Do you know what you’re looking for?

If you are looking for the perfect candidate, that person does not exist; but you may need help finding industry professionals. As recruiters, we talk to industry people every day, we know what candidates are looking for, from salary to culture to growth potential.

To determine if you have unrealistic expectations, start asking yourself these questions:

● Why is this position so difficult to fill?

● Why did the previous employee leave?

● Is your salary range in line with your specific industry for that location?

● Is the education requirement necessary for competency in this role?

● Is it necessary for the candidate to be in the office, or could they work from a home office? If they must be in the office is your relocation package sufficient to move someone?

● Is it necessary they have the exact previous experience?

Hiring for a single position shouldn’t be a full-time job. Find a fresh set of eyes, call a professional recruiter in your industry. An industry specific recruiter will tell you what the employee market is like, what the current salaries are in each region, what requirements may not be realistic for the role you’re looking to fill, etc.

We at Egret Consulting work in the electrical industry and we understand everything from Lighting, Wire & Cable, Tools, Power Distribution and Electrical Wholesale distribution and even the independent manufacturer sales rep channel. Give us a call, we can help you find qualified candidates.

 

Pati Kelly is a contingent and retained recruiter exclusive to the electrical industry with a specialty in Wire and Cable. To learn more about how she can help your company identify and attract talent, check out her biography, view her LinkedIn profile or send her an email at pk@egretconsulting.com.

It’s Not Always About the Money

There are many reasons people change jobs but it’s rarely about money, yet it’s the first defense when a manager is handed a resignation. When a candidate gives notice, one of two things occur: a counteroffer or an escort out of the office. I believe employee retention falls squarely on the shoulders of management and the majority of candidates quit their job for reasons their manager could control. If employees don’t trust their leader to lead them, they lose respect for them and leave. Conversely, an employee who feels their manager recognizes their work, pays them fairly and invests in them and their career growth will stay…until the manager leaves.  

The reasons why people leave their jobs has changed over the years. Between 2008-11, most workers preferred job security over cool benefits or an amazing office or company culture. Prior to 2008, it was almost always about the money. Post 2011, employee concerns shifted to things like benefits and culture. Since 2014, the main reasons people left were for better opportunities, career advancement, more supportive culture and autonomy.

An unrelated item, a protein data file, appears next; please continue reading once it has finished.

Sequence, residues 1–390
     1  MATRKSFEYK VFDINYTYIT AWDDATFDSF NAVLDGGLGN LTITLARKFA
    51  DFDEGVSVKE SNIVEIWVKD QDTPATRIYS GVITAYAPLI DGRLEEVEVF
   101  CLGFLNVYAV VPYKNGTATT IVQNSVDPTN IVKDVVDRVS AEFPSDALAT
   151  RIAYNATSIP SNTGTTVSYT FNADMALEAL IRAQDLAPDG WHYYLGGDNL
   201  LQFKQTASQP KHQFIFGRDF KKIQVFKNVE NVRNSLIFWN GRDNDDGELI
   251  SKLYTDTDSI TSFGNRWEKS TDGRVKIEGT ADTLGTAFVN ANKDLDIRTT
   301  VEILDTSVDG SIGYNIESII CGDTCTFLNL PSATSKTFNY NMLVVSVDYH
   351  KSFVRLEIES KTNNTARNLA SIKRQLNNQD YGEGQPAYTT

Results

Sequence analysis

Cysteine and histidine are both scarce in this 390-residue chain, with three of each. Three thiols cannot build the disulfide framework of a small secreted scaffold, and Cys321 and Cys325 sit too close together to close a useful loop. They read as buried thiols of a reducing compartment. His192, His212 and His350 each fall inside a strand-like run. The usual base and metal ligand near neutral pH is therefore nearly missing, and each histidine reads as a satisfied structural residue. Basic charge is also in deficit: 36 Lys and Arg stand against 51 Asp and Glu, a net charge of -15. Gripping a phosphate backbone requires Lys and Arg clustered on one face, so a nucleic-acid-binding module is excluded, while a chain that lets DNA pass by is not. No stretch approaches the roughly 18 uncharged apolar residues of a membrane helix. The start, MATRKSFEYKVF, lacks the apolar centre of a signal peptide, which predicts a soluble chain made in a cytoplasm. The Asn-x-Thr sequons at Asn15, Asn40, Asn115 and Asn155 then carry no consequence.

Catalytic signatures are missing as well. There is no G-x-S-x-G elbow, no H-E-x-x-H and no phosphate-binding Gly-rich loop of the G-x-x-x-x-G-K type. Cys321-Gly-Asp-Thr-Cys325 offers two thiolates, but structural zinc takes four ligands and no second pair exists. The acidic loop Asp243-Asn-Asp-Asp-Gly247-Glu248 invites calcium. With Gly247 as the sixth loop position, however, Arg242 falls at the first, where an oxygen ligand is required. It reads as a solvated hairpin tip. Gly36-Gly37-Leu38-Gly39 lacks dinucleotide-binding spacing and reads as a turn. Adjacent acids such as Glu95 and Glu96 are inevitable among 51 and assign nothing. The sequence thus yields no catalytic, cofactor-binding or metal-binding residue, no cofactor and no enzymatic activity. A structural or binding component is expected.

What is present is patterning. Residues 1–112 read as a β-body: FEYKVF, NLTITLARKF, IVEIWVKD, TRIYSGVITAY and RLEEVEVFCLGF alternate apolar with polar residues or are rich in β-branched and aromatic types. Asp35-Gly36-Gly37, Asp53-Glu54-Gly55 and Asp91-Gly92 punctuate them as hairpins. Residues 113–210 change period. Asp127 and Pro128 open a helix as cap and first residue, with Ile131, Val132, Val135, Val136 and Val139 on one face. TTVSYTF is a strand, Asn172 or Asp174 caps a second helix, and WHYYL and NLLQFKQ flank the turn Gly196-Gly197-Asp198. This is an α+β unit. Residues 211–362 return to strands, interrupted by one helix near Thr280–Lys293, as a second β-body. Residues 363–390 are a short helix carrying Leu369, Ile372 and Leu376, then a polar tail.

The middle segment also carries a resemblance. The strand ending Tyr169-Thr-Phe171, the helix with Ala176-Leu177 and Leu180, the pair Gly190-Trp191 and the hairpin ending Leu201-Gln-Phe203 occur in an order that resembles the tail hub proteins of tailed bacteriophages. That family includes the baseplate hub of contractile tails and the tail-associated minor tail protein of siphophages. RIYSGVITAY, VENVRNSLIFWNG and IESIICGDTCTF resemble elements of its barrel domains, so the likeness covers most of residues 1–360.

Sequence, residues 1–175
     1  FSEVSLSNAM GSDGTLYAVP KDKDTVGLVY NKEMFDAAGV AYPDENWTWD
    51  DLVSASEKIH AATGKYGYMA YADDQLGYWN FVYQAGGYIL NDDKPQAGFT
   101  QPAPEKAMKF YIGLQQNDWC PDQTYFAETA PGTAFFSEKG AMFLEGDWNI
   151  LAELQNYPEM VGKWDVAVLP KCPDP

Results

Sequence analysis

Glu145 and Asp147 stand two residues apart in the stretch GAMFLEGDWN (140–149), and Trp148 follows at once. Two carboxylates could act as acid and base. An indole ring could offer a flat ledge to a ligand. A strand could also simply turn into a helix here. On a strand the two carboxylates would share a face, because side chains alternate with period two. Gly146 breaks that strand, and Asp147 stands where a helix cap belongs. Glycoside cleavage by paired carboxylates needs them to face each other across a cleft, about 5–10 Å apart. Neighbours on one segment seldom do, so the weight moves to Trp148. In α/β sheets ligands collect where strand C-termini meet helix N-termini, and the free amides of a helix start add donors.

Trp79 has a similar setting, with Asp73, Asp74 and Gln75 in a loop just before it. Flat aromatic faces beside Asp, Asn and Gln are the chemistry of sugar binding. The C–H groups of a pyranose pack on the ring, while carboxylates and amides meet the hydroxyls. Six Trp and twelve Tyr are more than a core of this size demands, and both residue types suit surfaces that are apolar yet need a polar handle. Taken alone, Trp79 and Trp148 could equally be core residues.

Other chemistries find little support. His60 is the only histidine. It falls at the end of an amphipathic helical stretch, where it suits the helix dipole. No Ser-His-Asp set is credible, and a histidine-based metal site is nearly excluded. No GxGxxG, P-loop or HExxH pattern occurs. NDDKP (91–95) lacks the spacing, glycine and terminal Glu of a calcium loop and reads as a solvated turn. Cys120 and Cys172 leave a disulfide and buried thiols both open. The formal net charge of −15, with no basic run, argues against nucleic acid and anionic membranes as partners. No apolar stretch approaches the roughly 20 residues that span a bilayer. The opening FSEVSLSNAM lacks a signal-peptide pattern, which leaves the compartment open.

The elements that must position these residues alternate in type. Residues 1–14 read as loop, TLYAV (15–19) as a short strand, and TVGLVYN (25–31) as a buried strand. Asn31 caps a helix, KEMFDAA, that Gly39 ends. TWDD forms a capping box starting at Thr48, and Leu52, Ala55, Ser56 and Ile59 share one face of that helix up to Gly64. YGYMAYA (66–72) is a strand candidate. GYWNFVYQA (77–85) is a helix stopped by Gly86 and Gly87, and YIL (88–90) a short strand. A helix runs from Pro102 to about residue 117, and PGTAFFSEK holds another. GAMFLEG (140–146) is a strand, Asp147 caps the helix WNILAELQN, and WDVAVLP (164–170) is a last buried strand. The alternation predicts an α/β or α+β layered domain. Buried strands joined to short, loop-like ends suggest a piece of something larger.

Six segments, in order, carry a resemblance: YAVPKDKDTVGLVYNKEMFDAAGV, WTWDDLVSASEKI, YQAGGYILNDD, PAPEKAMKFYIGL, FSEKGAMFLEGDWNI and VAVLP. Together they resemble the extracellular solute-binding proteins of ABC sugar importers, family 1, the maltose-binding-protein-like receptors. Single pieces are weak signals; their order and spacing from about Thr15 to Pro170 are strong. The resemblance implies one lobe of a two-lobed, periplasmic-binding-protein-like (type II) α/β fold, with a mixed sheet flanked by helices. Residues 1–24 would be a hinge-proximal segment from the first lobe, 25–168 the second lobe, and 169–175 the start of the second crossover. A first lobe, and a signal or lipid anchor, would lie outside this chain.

Based on a study published by Jan Tegze, a long-time recruiter…gathered the reasons why people have left their jobs in the last 10 years.  

Things are shifting, there aren’t enough people to fill jobs now, tweaking your management style (or your management team) could mean all of the difference!

Rather than play phone tag, Here’s my calendar link to make finding time easy. Just choose the day and time!

 

 

Prudence Thompson is a contingent and retained recruiter entirely dedicated to the Electrical Distribution industry. To learn more about how she can help your company attract talent, check out her biographyLinkedIn profile or email her at pt@egretconsulting.com.

Candidate Driven Market: How to Retain a Prospective Employee

It’s not new news that we are in a candidate driven market. If your hiring process is not focused on attracting and landing top candidates, you will lose talent to your competitors. Candidates are choosing their employers.

Candidates I speak with have three, four or five companies they’re interviewing with and offers on the table. So, how do you differentiate your company and opportunity from the competition? First and foremost, offer the candidate a great experience throughout the interview process. Do not treat a recruited candidate like an applicant from 2008. Once a candidate is identified as a professional and cultural fit for your role and organization, expedite the hiring process. Bring them in within a week of initial telephone interviews. Make sure the candidate is speaking directly with the hiring manager, peers they will be working with, applicable organizational leadership and identified champions of your organization. Limit the experience to one day of interviews. Avoid having the candidate individually meet with a dozen people, who all are asking the same questions.

Share what sets your company apart. What are your company values? What is the company culture? What is the company brand? What is the leadership style? Candidates want their company to align with who they are. Candidates consistently express they want to make a difference and be challenged, to learn and grow, a sense of belonging and seek authenticity in an employer. This just in…it’s not only about money.

That said, nobody makes a move for equal to, or less than what they’re currently making. Present a market competitive offer…with the first offer and quickly. Offer immediate feedback in relation to the interview process. If you’re not moving forward, offer direct and detailed feedback as to why. If you are moving forward, get the competitive offer to the candidate within a few days of the face-to-face interview. When your offer is accepted, immediately begin the onboarding process.